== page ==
This is a hilarious NY Times article saying that these apparent inconsistencies are because of Kerry's brilliant mind assesses and weighs every possible nuance of the story. His problem? He's just too darn SMART and INTELLECTUAL to be president!
Mr. Kerry is a meticulous, deliberative decision maker, always demanding more information, calling around for advice, reading another document — acting, in short, as if he were still the Massachusetts prosecutor boning up for a case.
He stayed up late last Sunday night with aides at his home in Beacon Hill, rewriting — and rearguing — major passages of his latest Iraq speech, a ritual that aides say occurs even with routine remarks.
"He attacks the material, he questions things, he tries to get it right," said Richard C. Holbrooke, the former United Nations ambassador and an adviser to Mr. Kerry. During a recent conversation about Iraq, he recounted, Mr. Kerry "interrupts me and he says, `Have you read Peter Galbraith's article in The New York Review of Books? You've got to read that, it's very important."'
In interviews, associates repeatedly described Mr. Kerry as uncommonly bright, informed and curious.
But the downside to his deliberative executive style, they said, is a campaign that has often moved slowly against a swift opponent, and a candidate who has struggled to synthesize the information he sweeps up into a clear, concise case against Mr. Bush.
Even his aides concede that Mr. Kerry can be slow in taking action, bogged down in the very details he is so intent on collecting, as suggested by the fact that he never even used the Medicare information he sent his staff chasing.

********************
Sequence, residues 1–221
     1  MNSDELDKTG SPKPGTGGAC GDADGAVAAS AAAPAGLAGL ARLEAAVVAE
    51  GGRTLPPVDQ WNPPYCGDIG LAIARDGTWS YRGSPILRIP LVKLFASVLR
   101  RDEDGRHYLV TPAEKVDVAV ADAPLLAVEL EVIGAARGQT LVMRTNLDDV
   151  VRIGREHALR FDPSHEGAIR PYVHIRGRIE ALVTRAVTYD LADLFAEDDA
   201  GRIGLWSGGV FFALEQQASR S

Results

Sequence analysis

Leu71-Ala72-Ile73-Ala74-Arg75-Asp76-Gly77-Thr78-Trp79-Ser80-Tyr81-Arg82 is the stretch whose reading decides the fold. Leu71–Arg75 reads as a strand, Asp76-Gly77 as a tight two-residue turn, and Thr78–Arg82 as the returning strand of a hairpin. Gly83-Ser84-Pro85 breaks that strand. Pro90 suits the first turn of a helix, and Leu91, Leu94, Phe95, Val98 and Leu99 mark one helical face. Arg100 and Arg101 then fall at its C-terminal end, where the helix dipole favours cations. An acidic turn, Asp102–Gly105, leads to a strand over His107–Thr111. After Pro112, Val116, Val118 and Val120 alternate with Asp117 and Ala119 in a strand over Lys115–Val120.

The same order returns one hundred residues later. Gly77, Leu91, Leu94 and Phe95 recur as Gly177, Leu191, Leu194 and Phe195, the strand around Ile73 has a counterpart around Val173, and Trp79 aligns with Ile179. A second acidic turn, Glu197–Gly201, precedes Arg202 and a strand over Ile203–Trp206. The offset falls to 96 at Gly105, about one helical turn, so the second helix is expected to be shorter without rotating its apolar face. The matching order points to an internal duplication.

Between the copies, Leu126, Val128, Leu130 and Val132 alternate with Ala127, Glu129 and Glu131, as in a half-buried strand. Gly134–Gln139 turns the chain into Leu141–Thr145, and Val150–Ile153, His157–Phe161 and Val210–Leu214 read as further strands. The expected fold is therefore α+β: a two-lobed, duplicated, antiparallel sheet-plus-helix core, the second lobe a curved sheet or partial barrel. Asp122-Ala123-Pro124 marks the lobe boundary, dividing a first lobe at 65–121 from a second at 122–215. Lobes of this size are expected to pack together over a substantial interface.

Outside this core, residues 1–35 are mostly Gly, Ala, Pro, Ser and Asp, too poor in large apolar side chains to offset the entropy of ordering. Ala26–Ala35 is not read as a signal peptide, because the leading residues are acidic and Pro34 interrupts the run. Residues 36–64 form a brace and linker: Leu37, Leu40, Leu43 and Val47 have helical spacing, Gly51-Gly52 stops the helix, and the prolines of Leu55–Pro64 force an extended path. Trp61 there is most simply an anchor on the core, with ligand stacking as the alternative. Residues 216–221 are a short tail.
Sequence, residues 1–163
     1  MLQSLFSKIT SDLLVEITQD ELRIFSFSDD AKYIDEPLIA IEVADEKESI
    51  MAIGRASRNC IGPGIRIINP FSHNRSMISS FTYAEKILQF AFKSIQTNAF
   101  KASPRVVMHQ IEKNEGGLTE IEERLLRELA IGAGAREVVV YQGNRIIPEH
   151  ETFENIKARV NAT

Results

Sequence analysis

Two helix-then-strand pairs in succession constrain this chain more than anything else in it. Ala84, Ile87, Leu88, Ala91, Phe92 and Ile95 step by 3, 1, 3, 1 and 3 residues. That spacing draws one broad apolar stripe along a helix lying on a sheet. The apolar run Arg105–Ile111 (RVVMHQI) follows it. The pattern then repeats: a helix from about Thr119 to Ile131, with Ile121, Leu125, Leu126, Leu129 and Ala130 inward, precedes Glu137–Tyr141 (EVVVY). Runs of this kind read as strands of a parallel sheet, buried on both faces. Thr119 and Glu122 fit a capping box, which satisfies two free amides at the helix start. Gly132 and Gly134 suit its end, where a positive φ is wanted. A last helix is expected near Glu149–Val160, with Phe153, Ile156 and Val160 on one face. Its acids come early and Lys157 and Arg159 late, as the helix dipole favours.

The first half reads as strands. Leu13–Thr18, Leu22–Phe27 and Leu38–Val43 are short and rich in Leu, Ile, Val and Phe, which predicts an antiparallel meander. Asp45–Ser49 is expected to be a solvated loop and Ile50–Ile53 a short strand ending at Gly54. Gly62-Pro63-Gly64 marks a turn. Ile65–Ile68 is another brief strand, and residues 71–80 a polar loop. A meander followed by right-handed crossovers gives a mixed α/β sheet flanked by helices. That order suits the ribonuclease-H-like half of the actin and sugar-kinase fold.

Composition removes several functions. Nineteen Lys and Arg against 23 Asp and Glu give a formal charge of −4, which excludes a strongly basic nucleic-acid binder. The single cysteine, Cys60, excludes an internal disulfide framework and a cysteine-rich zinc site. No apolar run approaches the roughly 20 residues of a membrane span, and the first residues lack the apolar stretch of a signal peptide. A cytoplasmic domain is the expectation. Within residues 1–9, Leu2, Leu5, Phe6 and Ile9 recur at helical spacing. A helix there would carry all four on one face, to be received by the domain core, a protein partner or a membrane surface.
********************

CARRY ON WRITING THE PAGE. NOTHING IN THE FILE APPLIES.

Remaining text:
His attention to detail can serve him well on big projects, as it did when he sent aides scurrying across the country to find long-lost fellow Vietnam veterans who could vouch for his war record. But sometimes, his aides say, it is a distraction, as it was in early 2003, when they say he spent four weeks mulling the design of his campaign logo, consulting associates about what font it should use and whether it should include an American flag. (It does.)
His habit of soliciting one more point of view prompted one close adviser to say he had learned to wait until the last minute before weighing in: Mr. Kerry, he said, is apt to be most influenced by the last person who has his ear. His aides rejoiced earlier this year when Mr. Kerry yielded his cellphone to an aide, a move they hoped would limit his distractions in seeking out contrary opinions.
"He considers options, synthesis, antithesis — he's a thinker," said the Rev. Jesse Jackson, who traveled with Mr. Kerry last week, and whose own presidential campaigns were known for their disorganization.
Still, Mr. Jackson added: "A boxer needs a manager and needs a cut manager in the corner and needs someone to handle the towels. But once the bell rings, a boxer needs his instincts."
Unlike Mr. Bush, who was a governor and a business executive before he ran for president, Mr. Kerry — who has spent the past 20 years as a legislator, with a staff of perhaps 60 — has little experience in managing any kind of large operation. Several Democrats suggested that this presidential campaign was in many ways a learning experience for him.
Mr. Kerry was described by his associates as more interested in the finer points of public policy than the mechanics of politics. Scott Maddox, the chairman of the Florida Democratic Party, said he could not recall getting a call from Mr. Kerry checking in with what was going on in that critical state.
"All truth passes through three stages: first, it is ridiculed; next it is violently attacked; finally, it is held to be self-evident." -- Schopenhauer